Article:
Nature Coast Conservation, Inc.
Neighbors Against Mining Project
222 East Liberty Street
Brooksville, Florida 34601
August 7, 2015
David Read, Environmental Administrator
Florida Department of Environmental Protection
Division of Air Resource Management, Office of Permitting and Compliance
2600 Blair Stone Road, MS #5505
Tallahassee, FL 32399-2400
Via mal to address above and email to email@example.com
Re: Draft/Proposed permit # 0530021-054-AV CEMEX Construction Materials Florida, LLC, Brooksville, Florida.
Dear Mr. Read:
These comments are submitted to you on behalf of the Neighbors Against Mining Project of Nature Coast Conservation, Inc., a Florida not for profit corporation dedicated to protecting biodiversity, conserving natural resources and protecting the oceans, lands and wildlife of the United States from our headquarters in Brooksville, Florida.
The Florida Department of Environmental Protection has published its intent to issue a revised permit for the Title V Air Operation Permit for the CEMEX Brooksville South Cement Plant.
We oppose issuance of this permit for the CEMEX South Brooksville Plant to allow the continued use of the obsolete coal burning plant at this facility and respectfully request that the Department hold a public hearing for this Title V (major source) air operating permit. Since the permit is needed to begin work on air pollution control equipment, a public hearing is requested to offer the public an opportunity to learn how we will be protected going forward from additional mercury and other aerial pollutant violations. We ask the state to seriously consider the alternative of requiring that CEMEX retire the coal-burning and biomass plant and the use of other contaminants such as tires for fuel at this plant based on the previous record of blatant continuing violations and the repeated failure to report violations at this location and the very remote possibility that this aged plant can meet the new standards.
This obsolete coal burning plant has been cited for mercury emissions that exceed air quality standards on numerous occasions and threatens the public health of everyone in Brooksville and our environment. Cleaner technologies are being embraced by companies all over America; why allow this one to continue to operate despite so many past violations? CEMEX should be required to demonstrate that they can meet the new emissions standards prior to issuing the permit.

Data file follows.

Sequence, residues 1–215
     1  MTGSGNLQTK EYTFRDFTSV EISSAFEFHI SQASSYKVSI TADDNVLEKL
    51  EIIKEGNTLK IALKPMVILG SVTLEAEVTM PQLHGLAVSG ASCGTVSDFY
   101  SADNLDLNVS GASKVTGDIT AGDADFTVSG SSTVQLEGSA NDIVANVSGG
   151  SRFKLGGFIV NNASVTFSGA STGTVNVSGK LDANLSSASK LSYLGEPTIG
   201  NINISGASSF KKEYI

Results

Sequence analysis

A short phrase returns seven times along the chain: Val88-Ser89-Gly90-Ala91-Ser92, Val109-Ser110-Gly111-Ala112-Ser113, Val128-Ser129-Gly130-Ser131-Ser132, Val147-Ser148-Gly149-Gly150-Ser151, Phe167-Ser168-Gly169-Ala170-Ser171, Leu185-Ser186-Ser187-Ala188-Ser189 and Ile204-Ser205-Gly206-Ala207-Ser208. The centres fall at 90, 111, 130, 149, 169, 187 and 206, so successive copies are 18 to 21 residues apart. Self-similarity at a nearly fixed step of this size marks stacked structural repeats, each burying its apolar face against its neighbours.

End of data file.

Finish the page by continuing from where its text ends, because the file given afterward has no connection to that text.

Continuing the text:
The CEMEX Brooksville Cement plant violated air quality standards for mercury emissions in August 2013, but came back into compliance in September 2013. During this incident, CEMEX kept the plant going for a total of 80 hours–equal to 3 days, 8 hours in all– when they knew that those emissions were probably violating air pollution laws. There is every likelihood that similar violations will occur in the future if this plant is allowed to continue to operate.
Ana Gibbs of FL DEP reported that the test report dated September 23, 2013, showed the referenced facility violated the mercury emissions limit set in the company’s permit. The allowable limit for mercury emission is 41 micrograms per day standard cubic meter, but on August 14, 2013, the reading was 52.71. The facility retested within approximately 40 days and demonstrated a return to compliance. The facility demonstrated that the violation would reasonably have been expected to have occurred for a period of approximately 80 hours. CEMEX also neglected to report the failed test in annual and semi-annual reports, as required by law.
The Consent agreement for this violation was issued in June, 2015, two years after the dangerous emission. We do not have any current records indicating whether additional violations have occurred since then. FDEP imposed a fine of just twenty three hundred dollars for this egregious, intentional and harmful continuing violation and despite the fact that CEMEX also failed to properly report this violation, as required by law. Exposure to even small amounts of mercury can have major public health impacts.